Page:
Elizabeth City Police Chief Eddie Buffaloe officiates a basketball game between Northeastern and Edenton, Tuesday, Jan. 22. staff photo by brett a. clark
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Brett A. Clark

Elizabeth City Police Chief Eddie Buffaloe officiates a basketball game between Northeastern and Edenton, Tuesday, Jan. 22. staff photo by brett a. clark

Chief Buffaloe finds calling as public servant

By Robert Kelly - Goss

The Daily Advance

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Eddie Buffaloe Jr., has followed the path of public service for as long as he can remember. It was a calling that he observed in his father.

In December, Buffaloe began work as Elizabeth City’s new Chief of Police, bringing his career, ambitions and focus on public service to the River City — where he found the hospitality to be “overwhelming.” In an interview last week, he answered several questions about police work and his life.

Buffaloe came to Elizabeth City from Enfield in Halifax County. He was chief of police in that small town, but according to articles in the Roanoke Rapids newspaper, he was much more than that. Buffaloe was a high school sports official, a funeral home director and even Enfield’s interim town administrator. According to news accounts, people in the Halifax County town say their loss is Elizabeth City’s gain.

Much has been reported about Buffaloe’s background in law enforcement, but there’s more to the city’s new top cop. Here’s what we leared about Buffaloe and his thoughts on being in Elizabeth City.

The Daily Advance: You’ve been in Elizabeth City since December. Has your family settled in yet? How do you all like your new home?

Eddie Buffaloe: My family hasn’t moved yet. But the times they’ve been here, they’ve been impressed and the hospitality is overwhelming.

TDA: What was your first impression of Elizabeth City?

EB: Warm and a lot to offer from an educational standpoint — and being a bedroom community to the outlying area of Virginia.

TDA: In the short time that you’ve been here, what have you observed as Elizabeth City’s greatest weakness and greatest strength?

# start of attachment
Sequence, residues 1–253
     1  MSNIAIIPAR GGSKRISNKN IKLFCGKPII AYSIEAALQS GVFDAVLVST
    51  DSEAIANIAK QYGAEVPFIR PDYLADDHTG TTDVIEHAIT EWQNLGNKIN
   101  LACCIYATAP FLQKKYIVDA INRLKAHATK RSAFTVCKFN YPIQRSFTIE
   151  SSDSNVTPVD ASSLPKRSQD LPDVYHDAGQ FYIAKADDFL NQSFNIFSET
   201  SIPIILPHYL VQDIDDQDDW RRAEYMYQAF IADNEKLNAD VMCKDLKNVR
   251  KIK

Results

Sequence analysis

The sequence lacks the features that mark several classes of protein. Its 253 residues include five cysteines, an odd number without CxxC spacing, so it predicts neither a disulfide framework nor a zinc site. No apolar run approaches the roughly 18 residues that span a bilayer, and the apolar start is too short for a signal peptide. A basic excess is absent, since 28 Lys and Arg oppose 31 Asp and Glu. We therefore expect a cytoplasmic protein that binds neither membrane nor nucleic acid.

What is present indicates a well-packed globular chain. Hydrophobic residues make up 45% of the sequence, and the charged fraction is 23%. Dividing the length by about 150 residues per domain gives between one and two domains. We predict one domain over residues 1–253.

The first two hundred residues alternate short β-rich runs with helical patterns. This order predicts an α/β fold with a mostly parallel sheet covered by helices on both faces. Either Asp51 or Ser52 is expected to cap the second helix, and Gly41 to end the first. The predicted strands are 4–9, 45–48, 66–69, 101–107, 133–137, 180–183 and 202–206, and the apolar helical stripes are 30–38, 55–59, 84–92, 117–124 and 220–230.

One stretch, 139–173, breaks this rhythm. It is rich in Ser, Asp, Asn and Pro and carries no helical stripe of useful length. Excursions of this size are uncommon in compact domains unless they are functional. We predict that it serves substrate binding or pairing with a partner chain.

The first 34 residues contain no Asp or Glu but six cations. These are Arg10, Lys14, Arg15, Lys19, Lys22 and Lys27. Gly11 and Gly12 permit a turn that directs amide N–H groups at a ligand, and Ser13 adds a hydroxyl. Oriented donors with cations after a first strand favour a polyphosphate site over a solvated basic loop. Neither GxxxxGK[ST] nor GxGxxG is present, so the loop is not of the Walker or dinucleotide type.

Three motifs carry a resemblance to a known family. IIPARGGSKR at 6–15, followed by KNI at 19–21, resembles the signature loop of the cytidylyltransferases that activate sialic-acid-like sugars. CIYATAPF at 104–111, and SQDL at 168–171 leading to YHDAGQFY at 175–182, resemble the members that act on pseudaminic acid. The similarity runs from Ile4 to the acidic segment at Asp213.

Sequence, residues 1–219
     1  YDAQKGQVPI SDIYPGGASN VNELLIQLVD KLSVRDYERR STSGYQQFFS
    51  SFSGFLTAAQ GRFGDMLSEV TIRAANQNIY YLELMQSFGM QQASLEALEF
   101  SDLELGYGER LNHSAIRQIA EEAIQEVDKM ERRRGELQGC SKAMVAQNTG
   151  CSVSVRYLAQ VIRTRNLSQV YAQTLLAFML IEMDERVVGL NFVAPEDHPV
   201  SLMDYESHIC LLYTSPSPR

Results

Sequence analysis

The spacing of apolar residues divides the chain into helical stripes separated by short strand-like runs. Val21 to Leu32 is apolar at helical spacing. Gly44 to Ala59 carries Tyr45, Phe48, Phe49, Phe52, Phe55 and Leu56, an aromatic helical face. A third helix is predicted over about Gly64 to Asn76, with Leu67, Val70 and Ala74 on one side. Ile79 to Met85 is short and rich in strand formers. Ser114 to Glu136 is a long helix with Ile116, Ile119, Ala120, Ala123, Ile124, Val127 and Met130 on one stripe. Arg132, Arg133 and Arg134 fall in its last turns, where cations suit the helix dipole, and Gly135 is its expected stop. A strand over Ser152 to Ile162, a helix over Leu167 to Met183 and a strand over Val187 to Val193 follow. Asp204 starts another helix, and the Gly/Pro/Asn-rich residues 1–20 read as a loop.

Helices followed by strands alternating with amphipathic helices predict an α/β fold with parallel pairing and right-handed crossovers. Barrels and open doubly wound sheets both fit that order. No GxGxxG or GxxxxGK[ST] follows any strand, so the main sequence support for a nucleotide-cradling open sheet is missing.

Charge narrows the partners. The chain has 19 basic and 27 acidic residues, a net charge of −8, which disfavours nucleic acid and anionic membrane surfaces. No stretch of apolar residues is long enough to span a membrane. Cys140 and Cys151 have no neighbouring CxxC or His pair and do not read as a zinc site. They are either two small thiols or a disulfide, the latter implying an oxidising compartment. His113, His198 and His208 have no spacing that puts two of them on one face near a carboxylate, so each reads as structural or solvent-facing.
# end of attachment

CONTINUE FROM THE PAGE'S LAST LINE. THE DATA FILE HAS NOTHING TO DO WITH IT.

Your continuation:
EB: I think the strength is the foundation of the institutions of higher education — ECSU, MACU, COA and our public school system. The weakness, like any other city, is property crimes. I’m talking about breaking and entering, vandalism, breaking into cars. Those are the biggest crime problems in Elizabeth City.

TDA: In a newspaper article, an Enfield resident stated that you believe in the “broken window” philosophy. What is that and how did you come about it?

EB: She made that (broken window) up, but I believe she was referring to property crimes. I think the people steal because they don’t have. ... We can’t arrest our way out of everything, but if we are proactive to deter crime you see crime decrease. But if you sit back in a reactive mode, it keeps going up or it plateaus.

TDA: You have talked about emphasizing community policing, building and maintaining community trust. How do you plan to build and maintain community trust?

EB: You gotta be part of the community in order to ask for trust and keep trust. That’s everyday. I’m not asking them (police officers) to do anything they haven’t been trained to do. I’m asking them to get to know people in the community.

TDA: Can you tell us about goals as Elizabeth City’s chief of police?

EB: My short-term goal here is to look at the organizational structure and the department analysis reports and take those recommendations and implement those. Long term I want to foster those relationships in the community and hopefully see our crime rate decrease. It’s not bad (Elizabeth City crime rate) if you look at other communities like Henderson.

TDA: While in Enfield you were known for identifying and addressing pressing criminal trends. What have you identified as Elizabeth City’s most pressing criminal trends and how do you plan on addressing them?